Committed to Serve
About the Guest
At 16 he dedicated his life to the Lord. Kevin Palau, president of the Luis Palau Association, talks about growing up as the son of the great evangelist, Luis Palau, and admits to having some doubts during his college years, but eventually concluded that God was worthy of his faith and allegiance. Find out how the Lord has led him to reach the nations since then.
At 16 he dedicated his life to the Lord.
Committed to Serve
Bob: Kevin Palau, the son of evangelist Luis Palau, was a student at a Christian university when he had a spiritual awakening.
Kevin: I just began thinking, “Wait a minute! What do I really believe?” I just hadn’t thought through certain issues of my own faith. I went through a quiet couple of years of soul-searching before having a very clear sense of, “This is the truth. I don’t have to understand every detail. I don’t have to be able to explain every nuance of who God is and what He’s like and why He allows certain things. He is worthy of my faith and allegiance.” And I have never looked back.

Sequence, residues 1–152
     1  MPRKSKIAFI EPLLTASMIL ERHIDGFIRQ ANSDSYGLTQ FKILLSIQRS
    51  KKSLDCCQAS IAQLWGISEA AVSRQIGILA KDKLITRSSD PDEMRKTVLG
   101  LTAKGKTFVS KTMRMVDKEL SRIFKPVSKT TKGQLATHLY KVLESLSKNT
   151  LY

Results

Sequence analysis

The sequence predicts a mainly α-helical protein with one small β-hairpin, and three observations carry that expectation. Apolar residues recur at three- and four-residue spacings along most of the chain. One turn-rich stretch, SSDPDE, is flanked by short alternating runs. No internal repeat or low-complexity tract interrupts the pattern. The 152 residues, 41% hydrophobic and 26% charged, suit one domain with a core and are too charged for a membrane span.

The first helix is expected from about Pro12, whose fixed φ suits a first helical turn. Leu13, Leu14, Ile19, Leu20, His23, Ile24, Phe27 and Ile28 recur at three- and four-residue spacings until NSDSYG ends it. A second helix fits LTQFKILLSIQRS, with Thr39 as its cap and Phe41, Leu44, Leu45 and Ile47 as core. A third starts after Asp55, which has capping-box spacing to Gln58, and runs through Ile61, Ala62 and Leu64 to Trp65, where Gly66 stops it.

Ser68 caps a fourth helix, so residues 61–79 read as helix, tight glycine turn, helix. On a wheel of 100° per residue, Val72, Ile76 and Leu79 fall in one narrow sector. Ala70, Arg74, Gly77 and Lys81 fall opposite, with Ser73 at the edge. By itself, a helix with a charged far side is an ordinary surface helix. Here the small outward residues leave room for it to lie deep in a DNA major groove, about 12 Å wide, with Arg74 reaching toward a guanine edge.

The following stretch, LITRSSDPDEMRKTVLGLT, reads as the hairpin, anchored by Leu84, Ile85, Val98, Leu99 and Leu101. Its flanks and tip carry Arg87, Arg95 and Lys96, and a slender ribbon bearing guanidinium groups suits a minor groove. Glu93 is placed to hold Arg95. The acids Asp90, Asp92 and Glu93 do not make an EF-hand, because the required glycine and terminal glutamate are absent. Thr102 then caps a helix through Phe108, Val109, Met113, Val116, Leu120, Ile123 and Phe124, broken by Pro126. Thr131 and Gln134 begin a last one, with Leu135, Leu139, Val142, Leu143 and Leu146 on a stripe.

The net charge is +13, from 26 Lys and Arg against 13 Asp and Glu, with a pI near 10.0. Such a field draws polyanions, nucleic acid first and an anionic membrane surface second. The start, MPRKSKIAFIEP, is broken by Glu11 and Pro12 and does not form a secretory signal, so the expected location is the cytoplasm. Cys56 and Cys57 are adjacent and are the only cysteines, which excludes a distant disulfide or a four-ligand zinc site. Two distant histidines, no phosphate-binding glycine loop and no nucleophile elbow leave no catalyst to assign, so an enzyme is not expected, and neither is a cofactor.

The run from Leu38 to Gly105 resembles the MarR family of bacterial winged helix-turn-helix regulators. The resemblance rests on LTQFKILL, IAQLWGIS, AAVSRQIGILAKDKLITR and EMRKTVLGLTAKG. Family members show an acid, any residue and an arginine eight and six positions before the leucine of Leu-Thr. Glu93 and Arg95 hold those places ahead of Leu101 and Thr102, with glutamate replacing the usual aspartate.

Bob: This is FamilyLife Today for Monday, July 2nd. Our host is the President of FamilyLife®, Dennis Rainey, and I'm Bob Lepine. It doesn’t matter who your dad is; Kevin Palau says you’ve got to make a decision to follow Christ for yourself. Stay tuned.
Bob: And welcome to FamilyLife Today. Thanks for joining us on the Monday edition. You know, our guest today has been known for years as the son of an internationally- known evangelist; but it occurs to me that in recent days, he may have become better known as the brother of the fool. Have you thought about that?
Dennis: I hadn’t. What a way to introduce our guest! [Laughter]
Bob: Well, we had—I should explain—we had Kevin’s brother, Andrew Palau—
Bob: —join us, not long ago, to talk about his new book which is called The Secret Life of a Fool.
Bob: So, I’m not calling him a fool; he called himself a fool! I’m off the hook on that; don’t you think?
Dennis: So, Kevin, would you call your brother a fool—at least, back then, when he was acting the way he was?
Kevin: It’s funny. No, I laugh because—you know—we love—even in those times when Andrew was not walking with the Lord at all, we had a great love for each other as a family. There wasn’t any anger around it; but when a kid crashes the family car three or four times—yes, I don’t know what else you’d say.
Dennis: And the police show up in the middle of the night?
Kevin: And the police show up in the middle of the night. Of course, in reading that book, half of that stuff in the book, none of us in the family really knew. There were some definite eyebrow-raising—